I've got some questions about the logistics of the Network Licensing.
Here's my question by example:
FYI: All licenses are on a single, dedicated server.
I have (7) computers in scenario "A" that are running (7) licenses of Revit MEP 2013 which Autodesk upgraded into (7) licenses of Building Design Suite Premium 2014 through subscription.
I have (2) computers in scenario "B" that are running (2) licenses of BDSP2013 which became (2) licenses of BDSP2014 through subscription.
So when 2014 came out, Autodesk gave me a (2) seperate license numbers for BDSP2014, one for (7) seats and one for (2) seats.
I've come into a situation where I have to reformat a computer in scenario "A" and reinstall.
My question is, can I install BDSP2013 on a scenario "A" computer since Autodesk upgraded it to BDSP2014 or do I have to continue to install Revit MEP 2013 on these (7) computers (keep in mind this license started as Revit MEP 2013)?
If I CAN install BDSP2013, how do I do it without a license number for it? The only license number I do have for BDSP2013 is for the (2) computers in scenario "B".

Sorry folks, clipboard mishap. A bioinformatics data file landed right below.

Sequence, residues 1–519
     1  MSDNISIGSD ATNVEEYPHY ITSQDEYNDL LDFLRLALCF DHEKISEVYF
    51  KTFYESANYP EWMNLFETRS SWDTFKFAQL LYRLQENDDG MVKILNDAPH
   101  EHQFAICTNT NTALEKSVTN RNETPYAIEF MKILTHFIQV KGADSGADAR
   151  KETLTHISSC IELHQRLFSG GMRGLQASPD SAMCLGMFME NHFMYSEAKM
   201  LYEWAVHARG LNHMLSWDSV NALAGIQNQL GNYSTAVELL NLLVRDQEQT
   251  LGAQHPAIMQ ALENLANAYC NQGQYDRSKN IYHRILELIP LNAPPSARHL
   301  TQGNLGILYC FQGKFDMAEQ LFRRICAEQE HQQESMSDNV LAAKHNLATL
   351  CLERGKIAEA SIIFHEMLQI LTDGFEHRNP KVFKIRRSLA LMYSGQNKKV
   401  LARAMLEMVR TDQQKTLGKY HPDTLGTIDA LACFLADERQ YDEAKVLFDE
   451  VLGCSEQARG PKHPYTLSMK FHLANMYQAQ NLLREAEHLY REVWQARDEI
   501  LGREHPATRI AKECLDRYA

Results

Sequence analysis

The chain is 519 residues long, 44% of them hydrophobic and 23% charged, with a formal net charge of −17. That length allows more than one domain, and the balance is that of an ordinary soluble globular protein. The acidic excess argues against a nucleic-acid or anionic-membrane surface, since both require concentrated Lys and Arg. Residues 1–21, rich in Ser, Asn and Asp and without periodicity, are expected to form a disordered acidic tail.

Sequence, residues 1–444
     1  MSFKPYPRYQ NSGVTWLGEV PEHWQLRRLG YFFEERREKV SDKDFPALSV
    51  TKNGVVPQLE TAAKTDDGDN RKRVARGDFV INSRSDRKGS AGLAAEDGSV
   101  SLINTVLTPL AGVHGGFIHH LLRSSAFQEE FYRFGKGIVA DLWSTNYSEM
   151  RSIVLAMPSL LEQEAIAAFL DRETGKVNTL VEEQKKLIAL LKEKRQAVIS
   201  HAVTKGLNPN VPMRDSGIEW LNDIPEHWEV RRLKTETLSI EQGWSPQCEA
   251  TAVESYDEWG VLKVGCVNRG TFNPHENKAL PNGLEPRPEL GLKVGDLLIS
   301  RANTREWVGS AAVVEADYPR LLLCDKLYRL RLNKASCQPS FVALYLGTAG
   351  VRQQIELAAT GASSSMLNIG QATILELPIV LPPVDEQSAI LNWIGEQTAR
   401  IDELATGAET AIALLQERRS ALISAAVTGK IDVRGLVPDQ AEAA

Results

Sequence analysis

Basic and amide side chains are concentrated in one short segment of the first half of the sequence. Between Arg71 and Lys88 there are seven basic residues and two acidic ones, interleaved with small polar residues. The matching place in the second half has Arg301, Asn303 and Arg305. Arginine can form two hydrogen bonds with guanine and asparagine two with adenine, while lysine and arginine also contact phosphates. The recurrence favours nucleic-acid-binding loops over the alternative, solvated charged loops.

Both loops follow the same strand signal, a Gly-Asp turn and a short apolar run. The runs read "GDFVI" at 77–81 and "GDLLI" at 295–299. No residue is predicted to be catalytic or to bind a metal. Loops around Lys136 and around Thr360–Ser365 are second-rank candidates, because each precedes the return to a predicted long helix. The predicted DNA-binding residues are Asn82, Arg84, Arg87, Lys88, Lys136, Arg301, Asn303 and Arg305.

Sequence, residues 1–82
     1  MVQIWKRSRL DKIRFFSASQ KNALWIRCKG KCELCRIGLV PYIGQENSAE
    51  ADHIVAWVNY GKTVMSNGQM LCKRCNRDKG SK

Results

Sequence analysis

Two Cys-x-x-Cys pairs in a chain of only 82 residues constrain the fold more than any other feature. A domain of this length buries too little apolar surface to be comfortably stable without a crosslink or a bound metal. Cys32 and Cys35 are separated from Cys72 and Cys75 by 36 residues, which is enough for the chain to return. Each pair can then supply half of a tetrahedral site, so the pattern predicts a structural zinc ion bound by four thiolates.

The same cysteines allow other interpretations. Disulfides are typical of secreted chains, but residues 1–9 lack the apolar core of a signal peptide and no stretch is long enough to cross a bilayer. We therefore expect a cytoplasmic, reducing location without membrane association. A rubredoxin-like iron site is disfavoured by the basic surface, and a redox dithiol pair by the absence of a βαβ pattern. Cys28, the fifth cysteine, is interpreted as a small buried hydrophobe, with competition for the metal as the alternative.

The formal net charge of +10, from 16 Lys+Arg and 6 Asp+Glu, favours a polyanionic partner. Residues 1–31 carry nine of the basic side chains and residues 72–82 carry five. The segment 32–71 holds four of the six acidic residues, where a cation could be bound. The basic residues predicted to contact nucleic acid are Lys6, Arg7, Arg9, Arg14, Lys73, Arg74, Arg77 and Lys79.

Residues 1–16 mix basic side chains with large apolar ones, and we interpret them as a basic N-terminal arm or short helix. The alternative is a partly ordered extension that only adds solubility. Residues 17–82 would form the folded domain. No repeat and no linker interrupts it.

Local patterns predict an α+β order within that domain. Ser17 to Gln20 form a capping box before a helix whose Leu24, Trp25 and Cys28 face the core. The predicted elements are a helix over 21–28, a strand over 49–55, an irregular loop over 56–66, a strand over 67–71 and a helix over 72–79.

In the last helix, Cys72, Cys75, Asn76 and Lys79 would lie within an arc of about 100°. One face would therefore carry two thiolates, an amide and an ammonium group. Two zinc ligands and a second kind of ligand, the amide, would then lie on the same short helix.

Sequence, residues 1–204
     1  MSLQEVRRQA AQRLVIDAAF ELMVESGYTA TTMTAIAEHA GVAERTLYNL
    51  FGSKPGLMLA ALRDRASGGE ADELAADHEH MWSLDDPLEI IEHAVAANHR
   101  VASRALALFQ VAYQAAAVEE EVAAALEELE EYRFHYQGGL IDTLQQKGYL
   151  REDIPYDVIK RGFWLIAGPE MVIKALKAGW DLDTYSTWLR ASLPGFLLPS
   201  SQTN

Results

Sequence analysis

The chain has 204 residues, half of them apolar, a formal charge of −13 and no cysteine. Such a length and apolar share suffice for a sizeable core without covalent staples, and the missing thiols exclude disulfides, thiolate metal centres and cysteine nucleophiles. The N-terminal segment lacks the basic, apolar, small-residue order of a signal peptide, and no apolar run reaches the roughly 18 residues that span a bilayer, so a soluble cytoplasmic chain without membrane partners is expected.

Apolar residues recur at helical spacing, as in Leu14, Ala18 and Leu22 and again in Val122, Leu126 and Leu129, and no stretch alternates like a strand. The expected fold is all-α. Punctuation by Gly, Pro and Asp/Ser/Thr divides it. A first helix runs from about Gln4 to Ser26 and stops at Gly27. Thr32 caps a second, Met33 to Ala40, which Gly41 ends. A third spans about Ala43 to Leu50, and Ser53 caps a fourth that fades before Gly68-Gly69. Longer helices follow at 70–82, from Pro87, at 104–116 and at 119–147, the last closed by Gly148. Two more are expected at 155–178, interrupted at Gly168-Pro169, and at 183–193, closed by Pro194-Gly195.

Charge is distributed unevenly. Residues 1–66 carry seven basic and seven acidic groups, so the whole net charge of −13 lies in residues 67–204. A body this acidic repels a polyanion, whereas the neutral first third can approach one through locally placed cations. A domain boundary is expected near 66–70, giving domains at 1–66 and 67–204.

If I CAN NOT, that would help explain why I have two subscription licenses for BDSP2014. One license for (7) seats and one for (2) seat.
Solved! Go to Solution.
Since both of your products are BDSP2014, you now have two licensed files (if generated on the same day) that will combine on the license manager for 9 total seats of BDSP2014. Under Subscription, you can continue to run previous versions of the product. The cascade should allow for your 2013s to still work as expected, even though you are now on a Suite. You can install either Revit or the BDSP 2013 as you choose, since you are licensed for either. The NLM no longer cares. It simply will hand out one of its nine seats to whatever product launches. If it is easier for you to install BDSP2013, then do so. Use the licensed serial number for you 2013 just as you have been. Because you are network licensed, the actual installed program is not dependent on the serial number. You can install those 2-seat serials on an infinite number of machines. So long as the installer validates the serial as correct, you are all set. All of your licensing exists on the server, so you are doing no wrong by this method. In fact, it is expected practice.